I am sure you have heard this music before. Libertango is a composition by famous tango composer Ástor Piazzolla, recorded and published in 1974 in Milan. The title is a portmanteau merging “Libertad” (Spanish for liberty) and “Tango“, symbolizing Piazzolla’s break from Classical Tango to Tango Nuevo.
This composition has appeared on over 500 separate releases and I think for a good reason. The original release was recorded in May 1974 at “Mondial Sound Studio”, Milan (Italy), with Astor Piazzolla (the composer) playing the bandoneón.
Libertango will become part of my planned recording, which I decided to name “Libermando”, paying a tribute to this famous piece of music. So Libermando is another portmanteau merging “Libertand” (Spanish for Liberty) and “Mandolin”, symbolizing the vision to break from the usual conception that people have for the mandolin, that is to be used only as a folks instrument.
A few words about the composer – Astor Piazzolla
Ástor Pantaleón Piazzolla (March 11, 1921 – July 4, 1992) was an Argentine tango composer and bandoneón player. He revolutionized the traditional tango into a new style termed nuevo tango, incorporating elements from jazz and classical music. A virtuoso bandoneónist, he regularly performed his own compositions with a variety of ensembles.
Piazzolla’s nuevo tango was distinct from the traditional tango in its incorporation of elements of jazz, its use of extended harmonies and dissonance, its use of counterpoint, and its ventures into extended compositional forms.
The use of the passacaglia technique of a circulating bass line and harmonic sequence, invented and much used in 17th and 18th century baroque music but also central to the idea of jazz “changes”, predominates in most of Piazzolla’s mature compositions.
Piazzolla was born in Mar del Plata, Argentina, in 1921. In 1925 Ástor Piazzolla moved with his family to Greenwich Village in New York City, which in those days was a violent neighbourhood inhabited by a volatile mixture of gangsters and hard-working immigrants. His parents worked long hours and Piazzolla soon learnt how to take care of himself on the streets despite having a limp. At home he would listen to his father’s records of the tango orchestras of Carlos Gardel and Julio de Caro, and was also exposed to jazz and classical music, including Bach, from an early age. He began to play the bandoneón after his father spotted one in a New York pawn shop in 1929.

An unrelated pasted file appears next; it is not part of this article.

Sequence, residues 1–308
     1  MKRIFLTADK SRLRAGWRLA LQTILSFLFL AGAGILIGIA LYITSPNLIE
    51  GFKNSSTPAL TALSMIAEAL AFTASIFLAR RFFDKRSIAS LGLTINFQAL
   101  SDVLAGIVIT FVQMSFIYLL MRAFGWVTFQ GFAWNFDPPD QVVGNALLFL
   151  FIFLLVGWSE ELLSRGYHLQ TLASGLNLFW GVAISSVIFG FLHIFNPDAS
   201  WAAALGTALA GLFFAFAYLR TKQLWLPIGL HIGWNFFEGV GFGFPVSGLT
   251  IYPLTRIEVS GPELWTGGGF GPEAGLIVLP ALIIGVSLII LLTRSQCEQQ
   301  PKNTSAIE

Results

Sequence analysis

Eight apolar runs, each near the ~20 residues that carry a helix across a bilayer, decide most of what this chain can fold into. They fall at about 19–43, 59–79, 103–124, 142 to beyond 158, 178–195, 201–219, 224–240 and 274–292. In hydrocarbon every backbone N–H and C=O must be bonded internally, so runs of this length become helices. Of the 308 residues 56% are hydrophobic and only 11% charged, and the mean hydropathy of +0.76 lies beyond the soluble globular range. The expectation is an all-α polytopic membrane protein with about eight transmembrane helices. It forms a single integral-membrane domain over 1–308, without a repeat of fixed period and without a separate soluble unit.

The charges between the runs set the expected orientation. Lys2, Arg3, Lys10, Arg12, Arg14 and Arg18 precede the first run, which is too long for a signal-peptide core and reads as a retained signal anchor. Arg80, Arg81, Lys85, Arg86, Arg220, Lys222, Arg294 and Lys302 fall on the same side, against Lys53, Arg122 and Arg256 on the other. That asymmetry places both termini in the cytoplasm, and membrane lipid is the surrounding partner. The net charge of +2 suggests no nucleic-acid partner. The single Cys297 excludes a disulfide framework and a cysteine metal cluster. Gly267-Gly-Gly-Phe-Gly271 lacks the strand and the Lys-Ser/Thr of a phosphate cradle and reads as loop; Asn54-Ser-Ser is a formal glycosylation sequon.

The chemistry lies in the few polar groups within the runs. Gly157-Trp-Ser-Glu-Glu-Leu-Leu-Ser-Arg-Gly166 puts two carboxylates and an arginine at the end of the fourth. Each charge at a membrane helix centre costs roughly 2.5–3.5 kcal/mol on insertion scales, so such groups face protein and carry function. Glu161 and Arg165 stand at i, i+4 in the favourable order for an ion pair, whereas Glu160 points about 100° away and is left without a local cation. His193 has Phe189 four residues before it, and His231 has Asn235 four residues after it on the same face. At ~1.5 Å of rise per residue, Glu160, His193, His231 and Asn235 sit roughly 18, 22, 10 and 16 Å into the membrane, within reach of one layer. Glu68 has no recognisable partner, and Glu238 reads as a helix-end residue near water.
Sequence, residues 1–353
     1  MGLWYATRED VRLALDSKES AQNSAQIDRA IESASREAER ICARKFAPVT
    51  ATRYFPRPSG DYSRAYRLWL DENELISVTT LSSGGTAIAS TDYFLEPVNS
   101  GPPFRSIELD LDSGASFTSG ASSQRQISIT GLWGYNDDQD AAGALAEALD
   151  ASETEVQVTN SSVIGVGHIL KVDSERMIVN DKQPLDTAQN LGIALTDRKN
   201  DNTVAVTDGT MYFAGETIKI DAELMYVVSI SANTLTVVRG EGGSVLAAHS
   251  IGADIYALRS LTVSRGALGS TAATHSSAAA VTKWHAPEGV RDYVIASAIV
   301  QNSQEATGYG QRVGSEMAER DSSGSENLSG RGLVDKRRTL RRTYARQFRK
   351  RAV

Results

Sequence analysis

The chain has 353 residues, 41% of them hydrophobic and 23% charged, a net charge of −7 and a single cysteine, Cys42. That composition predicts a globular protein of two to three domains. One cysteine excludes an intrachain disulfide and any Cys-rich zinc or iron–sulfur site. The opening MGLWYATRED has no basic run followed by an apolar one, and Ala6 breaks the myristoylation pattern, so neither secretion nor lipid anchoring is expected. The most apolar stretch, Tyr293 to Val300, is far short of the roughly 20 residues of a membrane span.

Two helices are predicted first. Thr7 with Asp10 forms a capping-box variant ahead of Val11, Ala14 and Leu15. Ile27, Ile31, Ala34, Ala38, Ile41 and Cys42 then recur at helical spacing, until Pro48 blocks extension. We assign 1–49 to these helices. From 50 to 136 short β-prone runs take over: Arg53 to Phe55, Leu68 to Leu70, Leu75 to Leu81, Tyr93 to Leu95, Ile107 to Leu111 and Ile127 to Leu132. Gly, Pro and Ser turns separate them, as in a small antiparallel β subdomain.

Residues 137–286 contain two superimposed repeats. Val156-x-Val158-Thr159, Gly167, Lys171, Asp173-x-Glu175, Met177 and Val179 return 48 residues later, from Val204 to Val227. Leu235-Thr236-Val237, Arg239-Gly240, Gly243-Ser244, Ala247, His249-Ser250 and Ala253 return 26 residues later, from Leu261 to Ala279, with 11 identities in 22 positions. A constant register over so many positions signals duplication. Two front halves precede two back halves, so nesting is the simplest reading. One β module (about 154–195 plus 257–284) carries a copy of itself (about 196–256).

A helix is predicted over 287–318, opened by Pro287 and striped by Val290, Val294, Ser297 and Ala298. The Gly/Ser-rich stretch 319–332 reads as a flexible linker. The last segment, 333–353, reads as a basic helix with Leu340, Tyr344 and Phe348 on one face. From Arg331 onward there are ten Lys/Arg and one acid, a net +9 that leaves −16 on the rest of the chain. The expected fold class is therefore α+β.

Only 17 years old, Piazzolla moved to Buenos Aires in 1938 where, the following year, he realized a dream when he joined the orchestra of the bandoneónist Anibal Troilo, which would become one of the greatest tango orchestras of that time.
In 1946 Piazzolla formed his, Orquesta Típica, which although having a similar formation to other tango orchestras of the day, gave him his first opportunity to experiment with his own approach to the orchestration and musical content of tango.
Having disbanded his first orchestra in 1950 he almost abandoned tango altogether as he continued to study Bartok and Stravinsky, and orchestra direction. He spent a lot of time listening to jazz and searching for a musical style of his own beyond the realms of tango. He decided to drop the bandoneon and to dedicate himself to writing and to studying music.
In 1953, a Piazzolla’s composition won a grant from the French government to study in Paris with the legendary French composition teacher Nadia Boulanger at the Fontainebleau conservatory. By way of introduction to his work, Piazzolla played her a number of his classically-inspired compositions but it was not until he finally played her his tango Triunfal that she immediately congratulated him and encouraged him to pursue his career in tango, recognising that this was where his true musical talent lay. This was to prove a historic encounter and a cross-road in Piazzolla’s career.
By the 1970s Piazzolla was living in Rome, and exploring a leaner, more fluid musical style drawing on more jazz influence, and with simpler, more continuous forms. Pieces that exemplify this new direction include Libertango and most of the Suite Troileana, written in memory of Aníbal Troilo.